Bonnstan

Skellefteå

Bonnstan dates back to the 17th century, and one of the oldest known depictions of the church town gives Carl von Linné when he describes his visit to Skellefteå in 1732: next to the church Skellefteå, a countless hoop of houses, as well as a polite town, with white chimneys, built in two streets, with cross street consisting of 350 to 400 houses.

The polite town described by Linné was used as a place by the parishioners who lived far outside the city. It was simply not possible for them to travel to church and home again in a single day and they needed somewhere to sleep. In each house there were a number of chambers, and to accommodate all the parishioners, Bonnstan we see today was once three times as large.

When so many people gathered in one place, it became a natural gathering place for the residents of the area. You could meet relatives and friends who lived in other villages, and many met their real true love. There are many stories of young men wandering around Bonnstan on weekend nights to find love. Each group was led by a person who chose a girl to court. They stood outside her chamber, reading the poems and hoping that the girl in question would answer. If luck was on their side, the boy in question got to come in and lay fully clothed on the girls bed, and talk all night long. Sometimes the nightly visit led to marriages, but usually the boy got rejected and the group then moved on to other houses.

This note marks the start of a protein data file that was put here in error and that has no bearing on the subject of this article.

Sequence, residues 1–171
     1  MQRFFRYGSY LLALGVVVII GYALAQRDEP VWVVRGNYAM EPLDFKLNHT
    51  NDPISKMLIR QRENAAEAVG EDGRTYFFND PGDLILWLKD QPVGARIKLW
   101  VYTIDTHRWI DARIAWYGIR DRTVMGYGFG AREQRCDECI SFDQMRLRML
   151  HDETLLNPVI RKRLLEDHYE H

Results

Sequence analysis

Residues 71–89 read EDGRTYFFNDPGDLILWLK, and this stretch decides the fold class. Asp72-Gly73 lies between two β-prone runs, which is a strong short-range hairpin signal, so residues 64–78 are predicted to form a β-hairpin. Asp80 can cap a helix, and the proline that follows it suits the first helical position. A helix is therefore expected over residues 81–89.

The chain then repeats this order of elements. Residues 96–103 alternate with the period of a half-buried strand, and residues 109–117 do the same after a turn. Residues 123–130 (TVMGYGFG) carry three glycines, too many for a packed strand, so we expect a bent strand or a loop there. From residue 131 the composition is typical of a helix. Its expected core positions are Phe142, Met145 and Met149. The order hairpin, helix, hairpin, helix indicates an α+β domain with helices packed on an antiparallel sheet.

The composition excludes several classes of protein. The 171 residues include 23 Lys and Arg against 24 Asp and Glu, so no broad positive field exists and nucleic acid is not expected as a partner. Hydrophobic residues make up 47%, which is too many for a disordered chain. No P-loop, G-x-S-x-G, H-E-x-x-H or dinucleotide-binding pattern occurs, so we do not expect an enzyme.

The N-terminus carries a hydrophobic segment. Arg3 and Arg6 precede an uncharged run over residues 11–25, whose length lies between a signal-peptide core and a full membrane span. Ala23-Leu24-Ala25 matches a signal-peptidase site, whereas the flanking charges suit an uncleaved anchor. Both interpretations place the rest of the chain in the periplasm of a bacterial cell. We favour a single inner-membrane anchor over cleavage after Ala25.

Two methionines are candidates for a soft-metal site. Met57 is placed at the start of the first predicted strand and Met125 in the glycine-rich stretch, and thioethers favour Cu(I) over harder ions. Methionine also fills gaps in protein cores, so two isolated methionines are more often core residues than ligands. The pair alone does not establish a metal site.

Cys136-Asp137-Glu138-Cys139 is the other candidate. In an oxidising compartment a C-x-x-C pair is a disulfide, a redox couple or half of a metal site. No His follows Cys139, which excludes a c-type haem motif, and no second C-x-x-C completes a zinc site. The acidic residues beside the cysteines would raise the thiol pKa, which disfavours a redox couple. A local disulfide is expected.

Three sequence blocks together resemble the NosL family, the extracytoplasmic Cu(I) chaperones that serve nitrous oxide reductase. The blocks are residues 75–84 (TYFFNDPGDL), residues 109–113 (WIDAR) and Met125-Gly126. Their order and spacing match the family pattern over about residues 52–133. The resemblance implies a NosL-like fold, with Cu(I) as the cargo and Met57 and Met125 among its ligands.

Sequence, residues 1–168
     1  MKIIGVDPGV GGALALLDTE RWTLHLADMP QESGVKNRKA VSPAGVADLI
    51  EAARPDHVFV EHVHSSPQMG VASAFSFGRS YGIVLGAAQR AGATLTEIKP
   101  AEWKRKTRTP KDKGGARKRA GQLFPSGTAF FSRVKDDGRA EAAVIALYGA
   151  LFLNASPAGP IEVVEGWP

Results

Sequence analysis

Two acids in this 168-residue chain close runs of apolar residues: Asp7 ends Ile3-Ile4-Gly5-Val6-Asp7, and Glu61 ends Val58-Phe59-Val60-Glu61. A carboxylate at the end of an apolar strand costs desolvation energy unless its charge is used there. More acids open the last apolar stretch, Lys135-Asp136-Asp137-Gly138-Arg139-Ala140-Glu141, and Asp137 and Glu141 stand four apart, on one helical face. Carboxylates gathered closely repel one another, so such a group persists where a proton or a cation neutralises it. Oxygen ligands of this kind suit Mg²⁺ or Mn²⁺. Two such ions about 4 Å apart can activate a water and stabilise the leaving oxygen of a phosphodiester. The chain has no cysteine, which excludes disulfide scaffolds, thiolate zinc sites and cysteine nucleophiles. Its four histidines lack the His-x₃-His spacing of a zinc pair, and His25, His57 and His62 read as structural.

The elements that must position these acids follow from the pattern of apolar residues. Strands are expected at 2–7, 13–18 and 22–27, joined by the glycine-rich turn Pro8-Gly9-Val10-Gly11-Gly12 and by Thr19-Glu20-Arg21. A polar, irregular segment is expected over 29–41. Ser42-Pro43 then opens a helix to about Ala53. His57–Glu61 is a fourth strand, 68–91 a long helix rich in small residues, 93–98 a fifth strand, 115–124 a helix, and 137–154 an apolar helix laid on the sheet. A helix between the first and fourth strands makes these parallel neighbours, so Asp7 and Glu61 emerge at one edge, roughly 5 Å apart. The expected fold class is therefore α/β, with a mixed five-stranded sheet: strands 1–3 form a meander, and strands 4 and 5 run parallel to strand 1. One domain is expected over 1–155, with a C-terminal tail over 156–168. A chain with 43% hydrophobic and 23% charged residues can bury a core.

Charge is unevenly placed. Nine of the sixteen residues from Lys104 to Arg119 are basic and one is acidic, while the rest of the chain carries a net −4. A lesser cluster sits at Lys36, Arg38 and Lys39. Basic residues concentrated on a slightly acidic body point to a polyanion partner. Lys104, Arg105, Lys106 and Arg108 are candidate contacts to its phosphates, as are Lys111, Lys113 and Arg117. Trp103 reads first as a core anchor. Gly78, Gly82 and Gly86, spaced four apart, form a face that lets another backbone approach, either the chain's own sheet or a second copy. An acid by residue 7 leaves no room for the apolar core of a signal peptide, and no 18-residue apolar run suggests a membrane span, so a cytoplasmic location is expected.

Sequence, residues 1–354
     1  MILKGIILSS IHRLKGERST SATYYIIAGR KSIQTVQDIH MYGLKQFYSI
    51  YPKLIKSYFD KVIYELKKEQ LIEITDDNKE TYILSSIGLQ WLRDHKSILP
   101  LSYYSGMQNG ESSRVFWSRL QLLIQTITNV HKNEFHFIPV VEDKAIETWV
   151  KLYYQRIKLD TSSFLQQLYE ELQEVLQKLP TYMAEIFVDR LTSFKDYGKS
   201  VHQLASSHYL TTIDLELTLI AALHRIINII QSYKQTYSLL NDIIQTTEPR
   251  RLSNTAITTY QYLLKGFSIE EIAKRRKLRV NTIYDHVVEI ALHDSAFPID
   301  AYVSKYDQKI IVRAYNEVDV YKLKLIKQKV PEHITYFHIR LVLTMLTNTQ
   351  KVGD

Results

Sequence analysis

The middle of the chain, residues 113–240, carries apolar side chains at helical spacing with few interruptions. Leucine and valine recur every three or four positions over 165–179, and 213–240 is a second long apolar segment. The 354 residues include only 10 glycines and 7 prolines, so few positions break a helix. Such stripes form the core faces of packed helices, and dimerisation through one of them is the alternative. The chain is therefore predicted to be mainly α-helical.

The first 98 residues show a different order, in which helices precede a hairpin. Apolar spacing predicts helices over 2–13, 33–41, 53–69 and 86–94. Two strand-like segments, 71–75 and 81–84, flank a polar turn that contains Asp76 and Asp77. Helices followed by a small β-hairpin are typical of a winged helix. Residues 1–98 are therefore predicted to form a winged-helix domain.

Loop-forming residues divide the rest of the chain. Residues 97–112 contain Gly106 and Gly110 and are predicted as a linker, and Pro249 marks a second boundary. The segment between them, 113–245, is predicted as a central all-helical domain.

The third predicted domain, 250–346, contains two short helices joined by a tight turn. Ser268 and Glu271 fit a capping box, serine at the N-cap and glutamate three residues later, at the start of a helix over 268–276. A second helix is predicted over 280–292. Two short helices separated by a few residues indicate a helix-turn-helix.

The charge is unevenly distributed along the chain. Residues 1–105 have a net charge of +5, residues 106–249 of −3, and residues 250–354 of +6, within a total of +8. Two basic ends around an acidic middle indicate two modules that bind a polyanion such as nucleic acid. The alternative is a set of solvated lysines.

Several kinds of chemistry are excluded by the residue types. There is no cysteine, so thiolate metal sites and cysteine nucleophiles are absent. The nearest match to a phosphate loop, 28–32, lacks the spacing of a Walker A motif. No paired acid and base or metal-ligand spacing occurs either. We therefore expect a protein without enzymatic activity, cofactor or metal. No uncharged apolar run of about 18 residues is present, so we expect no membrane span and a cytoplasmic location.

Bonnstan has not only been a place for meetings and romances, it has also been the site for tragic stories. In the 1980s a clogged door was found in one of the chambers, and once the door was opened, bloody rags were found in an otherwise untouched room. After many questions, it was finally revealed that two brothers had been in a fight in the room 60 years earlier. One brother later died of his injuries, and in an attempt to forget what happened, the room was closed again by the mother and the brother who remained.

The chambers in Bonnstan are still used by private individuals and during the summer time the church town is alive again. Midsummer celebrations and markets of various kinds are held here annually, and the worn facades of the houses are a popular background for photography of loved ones.

Price information

A visit to Bonnstan is free of charge. Events can occur on site, which in turn can cost to attend.

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Historical Sight